Race director, Fred Heslop, and Fishtown Preservation Society executive director, Amanda Holmes, welcomed nearly 760 runners, walkers, babies and doggies to the 11th annual edition of this scenic, exceptional race in Leland, Michigan. Meandering along the lovely Leland River and Lake Michigan, the course was a challenging hilly affair, held in steamy weather starting and ending in the heart of historic Fishtown. The Fishtown 5K website, Fishtown 5k , says; “Our beautiful course winds through Leland’s neighborhoods and along the Leland River, starting and finishing in the heart of Fishtown. Gradual climbs and descents make this an event for the serious runner or the whole family! Rain or Shine—Proceeds help us preserve and maintain the historical integrity of Fishtown, and ensure that it remains publicly accessible.”
5K race results can be found at the following Link; Fishtown 5K Results . Benefiting the preservation of Fishtown, the race was sponsored by the following: Larkin Group, Auto Owners Insurance, and Northern Building Supply. Additional sponsors were, Two Fish Gallery, Spork Tileart, The Riverside Inn, The Leland Lodge, Van’s Garage, Falling Waters Lodge, Olson, Bzdok & Howard Law Firm, 9 Bean Rows, Leland International Coffee Club, Leland Yacht Club, Leland Merc, and JenTees Logo Gear.
As author of this article, I have the honor to pick the “winners”. These “winners” are not necessarily the fastest runners, but the runners who have won the game called “life”, the “winners” who are an inspiration to us all. Besides the all-important preservation of Fishtown, these folks are the reason this race is so important. For example, Andre Masse, 16, from Leland, attracted my attention because he wore a U of M shirt (U of M is my college, GO BLUE!!!!). Andre likes U of M because they are “the best”. But the reason Andre is a “winner” shocked me. After talking to Andre about his favorite college, I noticed tattooed on his arm was the warning, “I am a type 1 diabetic”. Andre wore an insulin pump under his running gear to correct low blood sugar. In addition to being a runner, Andre plays soccer. “Exercising helps me with my type 1 diabetes by controlling my blood sugar by bringing the sugar measurement down. It is important to stay active to control the diabetes.” Andre discovered his illness five years ago. Andre, you are an inspiration and a true “winner” in the game of life. Another “winner” is Mark Ford, 71, of Montague. Mark was joined by his wife, Karen 70, as they walked the course, holding hands. Mark is a “winner” because he walks to prevent another heart attack. Yes, while most heart attack victims sit on their duffs waiting for the inevitable, Mark is attacking his health history through exercise. Wearing a heart stint, Mark has dropped his blood pressure from 140 to 127. His A1C was 7.2 and has dropped to 7.1. A 1990 former member of the famed Motor City Striders running club, located in the Detroit area, and a finisher of many races, Mark is using exercise to get back in shape. “Walking motivates each of us” says Karen. She should know the value of exercise because she recently broke her back! Amazing!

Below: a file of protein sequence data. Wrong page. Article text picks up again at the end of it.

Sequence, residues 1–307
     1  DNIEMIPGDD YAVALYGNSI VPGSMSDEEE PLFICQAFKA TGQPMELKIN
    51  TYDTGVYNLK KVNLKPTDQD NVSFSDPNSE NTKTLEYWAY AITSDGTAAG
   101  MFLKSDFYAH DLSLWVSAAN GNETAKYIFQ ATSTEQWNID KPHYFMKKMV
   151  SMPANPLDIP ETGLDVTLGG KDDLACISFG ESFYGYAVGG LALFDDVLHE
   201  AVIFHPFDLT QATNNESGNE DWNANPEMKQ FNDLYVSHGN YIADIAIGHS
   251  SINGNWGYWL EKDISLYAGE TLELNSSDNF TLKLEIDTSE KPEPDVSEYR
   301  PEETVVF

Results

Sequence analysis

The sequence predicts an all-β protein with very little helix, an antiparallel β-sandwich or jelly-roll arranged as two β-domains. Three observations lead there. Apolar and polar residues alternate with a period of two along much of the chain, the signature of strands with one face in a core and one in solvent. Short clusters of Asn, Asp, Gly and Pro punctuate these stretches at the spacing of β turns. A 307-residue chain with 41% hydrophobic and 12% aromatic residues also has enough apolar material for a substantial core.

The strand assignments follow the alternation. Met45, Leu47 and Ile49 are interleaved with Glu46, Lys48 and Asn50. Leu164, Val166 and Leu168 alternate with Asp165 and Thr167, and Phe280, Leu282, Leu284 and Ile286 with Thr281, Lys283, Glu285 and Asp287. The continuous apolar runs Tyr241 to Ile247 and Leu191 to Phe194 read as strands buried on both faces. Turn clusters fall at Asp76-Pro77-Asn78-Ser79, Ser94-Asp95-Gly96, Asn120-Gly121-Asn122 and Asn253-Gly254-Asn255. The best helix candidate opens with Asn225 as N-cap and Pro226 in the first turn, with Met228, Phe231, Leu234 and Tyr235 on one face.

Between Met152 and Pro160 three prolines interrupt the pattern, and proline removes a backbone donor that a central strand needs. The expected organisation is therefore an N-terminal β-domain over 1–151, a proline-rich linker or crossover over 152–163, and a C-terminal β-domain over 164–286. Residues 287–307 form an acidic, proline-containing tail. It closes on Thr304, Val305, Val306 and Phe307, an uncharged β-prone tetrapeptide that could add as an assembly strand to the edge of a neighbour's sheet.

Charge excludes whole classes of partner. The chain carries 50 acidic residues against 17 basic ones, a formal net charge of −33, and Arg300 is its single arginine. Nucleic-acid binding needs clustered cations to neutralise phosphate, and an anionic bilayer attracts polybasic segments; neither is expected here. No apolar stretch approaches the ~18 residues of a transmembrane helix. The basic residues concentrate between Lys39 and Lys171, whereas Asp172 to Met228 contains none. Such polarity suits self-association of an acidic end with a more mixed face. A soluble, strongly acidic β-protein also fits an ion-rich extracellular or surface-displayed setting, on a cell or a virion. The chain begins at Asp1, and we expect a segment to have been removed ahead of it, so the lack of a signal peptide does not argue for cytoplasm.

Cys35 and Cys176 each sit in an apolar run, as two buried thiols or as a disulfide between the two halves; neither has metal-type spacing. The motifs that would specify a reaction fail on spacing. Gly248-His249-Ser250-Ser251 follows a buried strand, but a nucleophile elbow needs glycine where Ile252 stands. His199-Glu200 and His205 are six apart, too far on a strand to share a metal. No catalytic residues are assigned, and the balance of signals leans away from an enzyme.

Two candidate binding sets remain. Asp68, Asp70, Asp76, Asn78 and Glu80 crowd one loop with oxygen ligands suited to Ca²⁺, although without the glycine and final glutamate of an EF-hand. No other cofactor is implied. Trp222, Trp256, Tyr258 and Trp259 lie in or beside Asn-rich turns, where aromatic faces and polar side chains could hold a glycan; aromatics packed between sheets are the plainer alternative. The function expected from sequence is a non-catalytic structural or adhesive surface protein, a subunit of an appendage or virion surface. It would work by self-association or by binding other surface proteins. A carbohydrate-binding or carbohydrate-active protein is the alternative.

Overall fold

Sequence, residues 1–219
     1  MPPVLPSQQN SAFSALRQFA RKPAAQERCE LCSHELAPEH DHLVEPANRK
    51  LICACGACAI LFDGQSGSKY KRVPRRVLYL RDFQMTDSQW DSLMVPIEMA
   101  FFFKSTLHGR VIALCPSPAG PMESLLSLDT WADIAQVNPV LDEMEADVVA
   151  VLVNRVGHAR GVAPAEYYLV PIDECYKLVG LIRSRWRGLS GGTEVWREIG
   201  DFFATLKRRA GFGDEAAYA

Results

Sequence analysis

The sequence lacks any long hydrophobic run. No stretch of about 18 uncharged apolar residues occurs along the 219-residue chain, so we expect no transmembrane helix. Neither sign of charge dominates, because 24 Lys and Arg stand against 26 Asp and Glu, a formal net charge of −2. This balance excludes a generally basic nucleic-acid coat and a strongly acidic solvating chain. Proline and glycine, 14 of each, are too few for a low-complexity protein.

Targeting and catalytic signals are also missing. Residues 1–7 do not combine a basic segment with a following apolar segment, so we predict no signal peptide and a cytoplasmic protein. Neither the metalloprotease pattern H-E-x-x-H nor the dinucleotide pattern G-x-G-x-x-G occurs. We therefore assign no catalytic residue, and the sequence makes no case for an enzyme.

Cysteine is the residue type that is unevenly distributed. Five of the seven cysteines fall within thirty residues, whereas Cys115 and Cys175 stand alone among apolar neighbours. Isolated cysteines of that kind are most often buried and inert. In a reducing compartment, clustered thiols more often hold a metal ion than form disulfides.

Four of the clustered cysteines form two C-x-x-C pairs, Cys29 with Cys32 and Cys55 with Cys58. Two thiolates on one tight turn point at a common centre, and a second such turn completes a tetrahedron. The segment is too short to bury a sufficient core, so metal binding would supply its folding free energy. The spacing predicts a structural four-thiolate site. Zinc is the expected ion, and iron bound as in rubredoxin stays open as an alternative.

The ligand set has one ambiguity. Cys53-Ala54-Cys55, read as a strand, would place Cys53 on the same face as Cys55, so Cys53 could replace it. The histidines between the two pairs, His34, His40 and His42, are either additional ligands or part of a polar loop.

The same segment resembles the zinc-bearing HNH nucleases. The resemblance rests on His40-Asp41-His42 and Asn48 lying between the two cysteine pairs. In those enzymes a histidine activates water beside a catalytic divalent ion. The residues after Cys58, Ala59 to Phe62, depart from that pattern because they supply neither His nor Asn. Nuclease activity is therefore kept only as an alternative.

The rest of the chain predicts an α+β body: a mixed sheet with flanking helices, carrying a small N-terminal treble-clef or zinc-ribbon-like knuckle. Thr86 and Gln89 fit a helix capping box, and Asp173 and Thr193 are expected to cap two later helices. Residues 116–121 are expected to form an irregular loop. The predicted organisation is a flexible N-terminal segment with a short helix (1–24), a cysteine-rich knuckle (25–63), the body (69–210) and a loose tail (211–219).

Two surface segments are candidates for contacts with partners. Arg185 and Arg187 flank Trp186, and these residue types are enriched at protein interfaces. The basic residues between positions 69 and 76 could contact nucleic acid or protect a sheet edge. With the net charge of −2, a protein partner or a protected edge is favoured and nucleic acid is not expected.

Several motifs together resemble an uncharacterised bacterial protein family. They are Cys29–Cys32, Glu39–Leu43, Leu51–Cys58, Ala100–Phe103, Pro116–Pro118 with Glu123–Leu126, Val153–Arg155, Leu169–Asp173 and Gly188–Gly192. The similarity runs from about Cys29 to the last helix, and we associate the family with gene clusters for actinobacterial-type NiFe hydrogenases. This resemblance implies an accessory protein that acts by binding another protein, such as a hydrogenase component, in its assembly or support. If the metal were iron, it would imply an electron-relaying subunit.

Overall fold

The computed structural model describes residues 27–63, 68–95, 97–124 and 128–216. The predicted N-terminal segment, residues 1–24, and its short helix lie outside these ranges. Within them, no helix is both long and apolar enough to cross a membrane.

We have the honor to speak to more “winners”. Larry Taylor, 74, of Tulsa OK, attributes exercise to cutting down on wine consumption and lowering his blood pressure from 160 to 133. For Blayne Kowalewski, 68, of Cedar, wearing his ugly Spartan shirt, (just kidding Blayne), running keeps him in shape for pickle ball. Marnie Sutter, 68, of Cedar, supports the cause of preserving Fishtown and running helps her stay in fit, year round. In the spirit of famous U of M footballers, Braylon Edwards, Anthony Carter, David Terrell, Derrick Alexander, Harry Kipke, Greg McMurtry, Maximillian Egeler, age 2 ½, proudly wore his #1 U of M Jersey as he was pushed along the course in a running stroller, by his mom, Kelly, age 33 of Ypsilanti . Maximillian was born in U of M’s Van Voilander Women’s Hospital located at the U of M in Ann Arbor. As a result of his auspicious birth site, Maximillon has been “inundated”, according to his mom, with U of M gear. He even sings the U of M fight song. Kelly was accompanied in the event by her mom, Fran, age 59, of Dexter, participating in her first 5K.